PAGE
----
LifeSpan versus HealthSpanJune 12, 2017
LifeSpan Versus Healthspan
We are living longer. But are we living better? In the 20th century, we doubled our life expectancy with the miracle of antibiotics, clean surgical technique, X-rays, immunizations and clean water. Babies being born today in advanced societies have a 50:50 chance of living to be 100. But living longer isn't necessarily better.
There have been some disturbing trends lately. Obesity has managed to reverse the climb to longer lifespan in some societies, namely the USA. As we live longer, we have more choices about lifestyle, making research into factors affecting confoundingly complex. It becomes impossible to do "randomized, placebo-controlled" studies over decades without limiting free choice and spending more money than could be allocated. This article, from the World Economic Forum this year, offers insight into the laboratory of fitness, namely masters athletes. I have dozens of men and women older than 60 in my practice who would qualify as exceptionally fit. And I see their lab results and their vitality. They are aging differently than those of us who are less active.
Sedentary behavior is being increasingly recognized as the driver of many of our modern conditions. Part of this discernment comes from the recognition that athletes, (high end performers) have a disproportionately share of good health. They don't get in trouble. They still die, but their time of end-of-life disability is markedly compressed, compared to the majority of the sedentary population. They become a unique research cohort, one that we couldn't duplicate with "randomized research". In effect, what happens with athletes is that they reach their peak in their 30s, like all of us, but then don't show much decline until close to the very end. The rest of us show inexorable, linear decline. "Patch, patch patch, after 40!," we say.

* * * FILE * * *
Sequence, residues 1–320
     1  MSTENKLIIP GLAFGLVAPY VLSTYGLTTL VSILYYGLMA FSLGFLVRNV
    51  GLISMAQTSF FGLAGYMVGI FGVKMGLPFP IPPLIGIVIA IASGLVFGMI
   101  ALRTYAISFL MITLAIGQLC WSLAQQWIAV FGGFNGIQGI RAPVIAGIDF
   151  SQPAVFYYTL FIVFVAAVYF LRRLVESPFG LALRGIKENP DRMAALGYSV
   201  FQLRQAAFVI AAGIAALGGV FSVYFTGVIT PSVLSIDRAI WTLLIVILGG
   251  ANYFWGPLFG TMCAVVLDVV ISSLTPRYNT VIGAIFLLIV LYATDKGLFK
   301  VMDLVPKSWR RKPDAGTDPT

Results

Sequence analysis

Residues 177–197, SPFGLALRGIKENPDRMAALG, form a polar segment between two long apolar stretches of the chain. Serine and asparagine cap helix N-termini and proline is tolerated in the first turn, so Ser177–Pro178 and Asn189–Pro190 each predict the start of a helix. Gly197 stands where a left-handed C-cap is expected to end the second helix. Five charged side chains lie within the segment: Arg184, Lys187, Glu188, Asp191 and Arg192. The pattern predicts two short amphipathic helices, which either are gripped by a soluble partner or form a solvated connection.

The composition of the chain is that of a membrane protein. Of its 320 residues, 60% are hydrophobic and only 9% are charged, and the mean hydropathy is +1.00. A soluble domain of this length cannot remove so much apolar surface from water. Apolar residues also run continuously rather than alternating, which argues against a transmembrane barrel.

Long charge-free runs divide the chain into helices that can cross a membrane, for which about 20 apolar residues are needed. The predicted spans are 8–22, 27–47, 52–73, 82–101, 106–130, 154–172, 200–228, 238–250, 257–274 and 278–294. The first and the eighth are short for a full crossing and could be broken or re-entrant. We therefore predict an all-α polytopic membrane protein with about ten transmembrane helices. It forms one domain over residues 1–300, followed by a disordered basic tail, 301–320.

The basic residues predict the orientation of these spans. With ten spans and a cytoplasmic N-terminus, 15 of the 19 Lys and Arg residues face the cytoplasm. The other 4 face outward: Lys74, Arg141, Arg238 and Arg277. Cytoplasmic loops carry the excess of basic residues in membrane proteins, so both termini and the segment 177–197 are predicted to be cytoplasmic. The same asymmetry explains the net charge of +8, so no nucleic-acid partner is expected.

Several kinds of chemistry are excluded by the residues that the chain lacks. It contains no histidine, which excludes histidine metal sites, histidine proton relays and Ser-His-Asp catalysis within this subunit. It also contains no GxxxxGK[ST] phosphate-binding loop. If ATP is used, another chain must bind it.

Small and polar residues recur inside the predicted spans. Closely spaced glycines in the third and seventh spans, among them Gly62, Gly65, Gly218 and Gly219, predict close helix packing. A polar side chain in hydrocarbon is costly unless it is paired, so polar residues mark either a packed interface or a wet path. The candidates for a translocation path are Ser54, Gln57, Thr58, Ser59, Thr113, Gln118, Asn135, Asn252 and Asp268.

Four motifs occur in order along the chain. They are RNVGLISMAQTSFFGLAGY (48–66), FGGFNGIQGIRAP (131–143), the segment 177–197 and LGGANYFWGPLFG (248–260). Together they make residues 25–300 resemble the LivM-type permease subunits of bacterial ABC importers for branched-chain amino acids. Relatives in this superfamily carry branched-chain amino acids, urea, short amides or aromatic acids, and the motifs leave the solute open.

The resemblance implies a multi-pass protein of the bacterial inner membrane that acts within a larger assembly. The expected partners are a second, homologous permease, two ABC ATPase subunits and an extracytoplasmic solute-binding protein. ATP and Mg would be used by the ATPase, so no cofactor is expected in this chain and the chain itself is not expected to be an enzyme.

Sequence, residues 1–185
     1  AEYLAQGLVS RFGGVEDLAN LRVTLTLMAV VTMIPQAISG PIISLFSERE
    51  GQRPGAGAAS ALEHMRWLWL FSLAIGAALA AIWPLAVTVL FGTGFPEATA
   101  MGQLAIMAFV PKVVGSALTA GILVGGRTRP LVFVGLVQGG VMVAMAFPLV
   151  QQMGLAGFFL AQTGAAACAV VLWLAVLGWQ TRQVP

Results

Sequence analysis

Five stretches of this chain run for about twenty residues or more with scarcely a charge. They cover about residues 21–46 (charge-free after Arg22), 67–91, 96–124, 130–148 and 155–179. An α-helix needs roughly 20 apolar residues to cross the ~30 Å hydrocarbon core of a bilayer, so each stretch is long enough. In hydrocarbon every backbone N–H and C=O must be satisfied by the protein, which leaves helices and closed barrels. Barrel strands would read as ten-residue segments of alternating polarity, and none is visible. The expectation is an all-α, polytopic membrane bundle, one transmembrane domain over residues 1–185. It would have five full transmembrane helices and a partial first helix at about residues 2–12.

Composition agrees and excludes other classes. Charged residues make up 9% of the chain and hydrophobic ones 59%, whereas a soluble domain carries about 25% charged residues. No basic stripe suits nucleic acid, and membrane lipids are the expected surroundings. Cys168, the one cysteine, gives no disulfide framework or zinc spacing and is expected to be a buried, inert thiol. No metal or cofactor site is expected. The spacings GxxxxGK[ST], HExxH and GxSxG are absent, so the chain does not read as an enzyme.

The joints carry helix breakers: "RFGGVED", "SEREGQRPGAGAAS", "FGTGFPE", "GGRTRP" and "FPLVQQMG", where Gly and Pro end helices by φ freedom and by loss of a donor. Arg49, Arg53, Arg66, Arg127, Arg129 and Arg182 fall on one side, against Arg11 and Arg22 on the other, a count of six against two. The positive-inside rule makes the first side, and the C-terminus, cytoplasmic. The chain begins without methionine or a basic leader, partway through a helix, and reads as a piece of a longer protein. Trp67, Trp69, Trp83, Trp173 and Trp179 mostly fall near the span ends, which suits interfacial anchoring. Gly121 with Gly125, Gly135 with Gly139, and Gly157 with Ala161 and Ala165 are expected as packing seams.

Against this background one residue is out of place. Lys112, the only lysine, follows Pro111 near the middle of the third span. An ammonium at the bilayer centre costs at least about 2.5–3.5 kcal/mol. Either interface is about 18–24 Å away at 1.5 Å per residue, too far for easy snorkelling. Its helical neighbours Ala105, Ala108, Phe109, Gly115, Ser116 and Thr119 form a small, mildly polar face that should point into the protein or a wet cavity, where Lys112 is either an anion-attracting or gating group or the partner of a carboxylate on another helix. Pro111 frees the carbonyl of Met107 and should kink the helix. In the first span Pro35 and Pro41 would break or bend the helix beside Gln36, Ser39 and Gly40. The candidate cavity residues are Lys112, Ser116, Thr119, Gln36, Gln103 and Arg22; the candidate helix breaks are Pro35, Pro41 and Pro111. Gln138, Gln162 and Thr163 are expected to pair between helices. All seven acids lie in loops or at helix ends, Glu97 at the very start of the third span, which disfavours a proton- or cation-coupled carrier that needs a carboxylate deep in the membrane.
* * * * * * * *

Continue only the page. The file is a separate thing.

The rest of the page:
At every age in life, starting exercise of any kind has benefit. And the risk of complications from exercise is far lower than the risk of remaining sedentary. The real risk is sitting. Considering computer games at home, TV, computers at work and cell phones in-between, we are mesmerized by electronic distractions that leave us sedentary. In fact, research in 2009 of 17,000 Canadians of all ages showed a dose relationship of sedentary behavior to all cause mortality, regardless of levels of exercise. That means 30 minutes in the gym does you no good if you are sitting the rest of the day. Bother.
The Author cites four strategies with references on each: 1) Move More (Just get started and move more), 2) Move Slow, (Aim for 10,000 steps a day) 3) Move Fast (Add some high intensity something, even for just 10 minutes) and 4) Move Heavy (Add some weights). Read those hyperlinks. It's the best of our knowledge.
WWW.What will work for me. Sedentary behavior is the new smoking. If you want to live better, longer, you have to do it. Build it in every day. A day without exercise is as bad as a day of smoking.
1. Our grand-kids are likely to live to be 90+. T or F Answer: False if they are sedentary, but true if they get the exercise bug and take care of their diet.
2. Our society is becoming more active. T or F Answer: Mixed picture. But as a general rule, false. Bless those who make the answer slightly true.
3. 30 minutes at the gym has beneficial effects? T or F Answer: Sure, it helps. Its benefit may be completely erased by an 8 hour day of sitting.
4. There is a dose relationship between exercise and good health. T or F Bingo
5. Getting sweaty isn't necessary. T or F Answer: False, if you want optimal results. Getting sweaty 3-4 times a week is much better for you.